Things really fell into disarray in that period, and, quite frankly I think most of it is my fault. I left the band in 2004, because I was exhausted, depressed and just plain sick of all the abuse and disrespect we had gotten over the span of our career. I needed to get away. Sadly, when I did, I think there was no one there to really "steer the ship" and keep on top of things.
The band managed two tours for Onward to Mecca, but it really wasn't the same Internal Bleeding. Too much had changed, the attitude had changed, and the band's personality had changed. Things just eventually fell apart.
When 2011 came around, it just seemed like the right time to start anew. Wipe the slate clean and get back down to being what Internal Bleeding should be.
After your comeback in 2011, 3 years later, your new album came out.
'Imperium'' is your most complex album, your new vocalist Keith DeVito fits perfect, he sounds so oldschool with IB tone, that bass is so clear, it was placed in the same row with all instruments, it's not just for a background. Good job Sir, it's catchy, memorable and it's ''alive'', not just an wall with noise (many bands love to do so nowadays). It looks you were hungry for the music..:)
Thank you very much for those words.
We worked really hard on writing IMPERIUM and we wanted to make an album that would re-define the whole slam genre and expand on it as far as what possibilities are available in that genre. We tried really hard to stretch ourselves musically, push our own envelopes and even do things that we were uncomfortable doing. I think all the experimentation really paid off.
Keith's vocals on the album are just perfect. They really hit the emotional intensity we were looking to hit with IMPERIUM. He has a great range and depth to his delivery.
Guitars: Roeller Custom Chris Pervelis Signature Model
Amp: Ampeg VH140C or Peavy 6505+.
How you starded to play guitar Sir, do you remember?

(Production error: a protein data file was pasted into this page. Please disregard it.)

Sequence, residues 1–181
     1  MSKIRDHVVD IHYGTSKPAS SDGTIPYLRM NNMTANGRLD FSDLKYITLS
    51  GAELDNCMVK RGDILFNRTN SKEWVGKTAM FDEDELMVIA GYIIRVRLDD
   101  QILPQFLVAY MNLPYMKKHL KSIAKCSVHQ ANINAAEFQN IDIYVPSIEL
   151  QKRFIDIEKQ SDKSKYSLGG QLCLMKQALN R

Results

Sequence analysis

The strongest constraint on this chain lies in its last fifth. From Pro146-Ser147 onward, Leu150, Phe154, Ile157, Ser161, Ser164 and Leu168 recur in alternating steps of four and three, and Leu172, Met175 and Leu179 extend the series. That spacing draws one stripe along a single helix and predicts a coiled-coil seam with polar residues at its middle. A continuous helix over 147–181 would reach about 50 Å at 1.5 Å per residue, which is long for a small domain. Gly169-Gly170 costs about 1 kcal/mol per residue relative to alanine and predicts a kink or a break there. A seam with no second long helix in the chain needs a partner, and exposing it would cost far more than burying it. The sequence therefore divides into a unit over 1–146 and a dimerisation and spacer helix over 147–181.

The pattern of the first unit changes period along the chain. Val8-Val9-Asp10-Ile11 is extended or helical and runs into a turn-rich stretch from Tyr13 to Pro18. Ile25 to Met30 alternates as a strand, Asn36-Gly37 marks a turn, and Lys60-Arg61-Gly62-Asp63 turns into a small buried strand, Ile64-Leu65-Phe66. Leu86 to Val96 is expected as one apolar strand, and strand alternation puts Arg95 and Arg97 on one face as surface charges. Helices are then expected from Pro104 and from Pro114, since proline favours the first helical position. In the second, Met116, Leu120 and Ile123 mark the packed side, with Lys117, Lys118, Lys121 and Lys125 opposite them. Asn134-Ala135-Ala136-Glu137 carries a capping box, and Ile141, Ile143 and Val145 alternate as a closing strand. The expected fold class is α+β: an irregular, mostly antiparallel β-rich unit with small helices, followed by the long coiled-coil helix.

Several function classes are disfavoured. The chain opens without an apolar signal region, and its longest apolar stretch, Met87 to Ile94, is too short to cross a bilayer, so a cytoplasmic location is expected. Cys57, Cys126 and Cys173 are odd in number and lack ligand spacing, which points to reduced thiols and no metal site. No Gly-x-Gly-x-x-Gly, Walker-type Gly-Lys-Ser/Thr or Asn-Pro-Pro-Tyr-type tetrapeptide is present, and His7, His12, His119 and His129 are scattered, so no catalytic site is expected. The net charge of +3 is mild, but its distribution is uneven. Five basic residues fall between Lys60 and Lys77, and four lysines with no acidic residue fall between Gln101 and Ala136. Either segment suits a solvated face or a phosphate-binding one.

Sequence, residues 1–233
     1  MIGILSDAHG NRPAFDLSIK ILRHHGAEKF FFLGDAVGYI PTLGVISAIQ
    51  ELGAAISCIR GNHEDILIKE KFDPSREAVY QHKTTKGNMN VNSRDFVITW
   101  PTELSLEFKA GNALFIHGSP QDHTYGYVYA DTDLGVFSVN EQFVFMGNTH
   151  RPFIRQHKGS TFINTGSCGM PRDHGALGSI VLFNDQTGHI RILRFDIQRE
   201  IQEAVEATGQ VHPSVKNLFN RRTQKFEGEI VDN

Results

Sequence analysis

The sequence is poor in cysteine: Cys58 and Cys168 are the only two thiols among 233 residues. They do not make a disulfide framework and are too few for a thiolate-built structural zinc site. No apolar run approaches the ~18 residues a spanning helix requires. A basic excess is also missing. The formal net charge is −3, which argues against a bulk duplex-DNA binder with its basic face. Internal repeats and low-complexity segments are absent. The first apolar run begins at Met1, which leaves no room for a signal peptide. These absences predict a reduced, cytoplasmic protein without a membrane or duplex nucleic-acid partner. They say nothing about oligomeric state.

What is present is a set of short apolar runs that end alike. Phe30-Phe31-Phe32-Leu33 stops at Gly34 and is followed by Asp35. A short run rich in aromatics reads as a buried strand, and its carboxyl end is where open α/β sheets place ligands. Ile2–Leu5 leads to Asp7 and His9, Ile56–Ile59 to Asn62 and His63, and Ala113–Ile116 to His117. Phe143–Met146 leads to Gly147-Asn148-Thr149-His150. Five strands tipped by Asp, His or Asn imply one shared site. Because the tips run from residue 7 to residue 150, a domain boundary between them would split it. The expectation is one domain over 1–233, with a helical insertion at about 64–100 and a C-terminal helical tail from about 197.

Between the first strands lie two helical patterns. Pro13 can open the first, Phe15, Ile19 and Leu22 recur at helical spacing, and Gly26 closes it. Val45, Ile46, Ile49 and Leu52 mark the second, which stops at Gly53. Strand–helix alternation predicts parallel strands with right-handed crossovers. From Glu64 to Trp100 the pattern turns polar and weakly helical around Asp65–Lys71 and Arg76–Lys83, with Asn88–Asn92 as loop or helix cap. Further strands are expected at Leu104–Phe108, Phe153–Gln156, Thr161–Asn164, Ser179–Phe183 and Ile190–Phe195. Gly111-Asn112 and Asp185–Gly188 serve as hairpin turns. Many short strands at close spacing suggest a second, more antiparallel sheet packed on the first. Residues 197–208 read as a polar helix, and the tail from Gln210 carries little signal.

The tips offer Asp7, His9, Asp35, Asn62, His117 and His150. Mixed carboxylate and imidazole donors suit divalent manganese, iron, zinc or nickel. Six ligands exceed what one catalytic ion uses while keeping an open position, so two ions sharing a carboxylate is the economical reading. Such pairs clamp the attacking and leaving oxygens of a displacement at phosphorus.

Well, I started playing around with the guitar probably in 1982 but I didn't really take it seriously. By the time I got into college, around 1986 I started putting a lot more time into really becoming a decent guitar player. I wish I had started really playing a lot earlier so I could be so much better than I am today, but it's hard to concentrate on one thing when you are young!
What recent releases you liked?
Dehumanized: (new album, got to listen to and advance the other day -- wow!)
Tommorow's Victim: Autophagy.
Many of the things we did on IMPERIUM was kind of like a revolution against what was going on in Slam. We added a lot of ingredients that weren't in there before and really tried to push things forward and show people that a lot can be done within the format.
Play what you love, don't compromise and dedicated yourself fully to your band and your bandmates.
Beside being a Raider fan, my other hobbies include: restoring, racing and maintaining my 1968 Plymouth Barracuda Formula S, Smoking cigars, sipping bourbon and hanging out with friends and family.
I saw some pictures with your blue babe Cuda, what a beauty:) From the outside it appears to be in stock, but it's not so, am I right? You have an Mopar on it? ;)
I restored the body and the interior to 100% original condition. So the way it looks is the way it came out of the factory.
The engine is another story though. I didn't do a lot of work to it, but it has a better camshaft, some valve work, headers, manifold and better carb. She definitely moves out -- fast. It's not very good on a twisty, curvy road, but in a straight line, the cuda is a fucking terror!
Yes, I am a big history and politics hobbyist. World War II is one of my favorite areas of study, but I also love WWI, The Vietnam War, Korea, as well as the Cold War and geopolitics from 1945- present day.
I had no family members who fought in WWII, but I did have many who fought in WWI, 3 of them died, two survived.
And the last question, name the TOP 10 albums that are the most revealing for you.
Iron Maiden: Killers
Slayer: Reign in Blood
Rollins Band: Weight
Morbid Angel: Blessed are the Sick
Black Sabbath: Sabbath Bloody Sabbath
Entombed: Left Hand Path
Black Flag: Slip it In
Grave: Into the Grave
John McGlaughlin, Al Dimeola & Paco Delucia: Passion, Grace and Fire.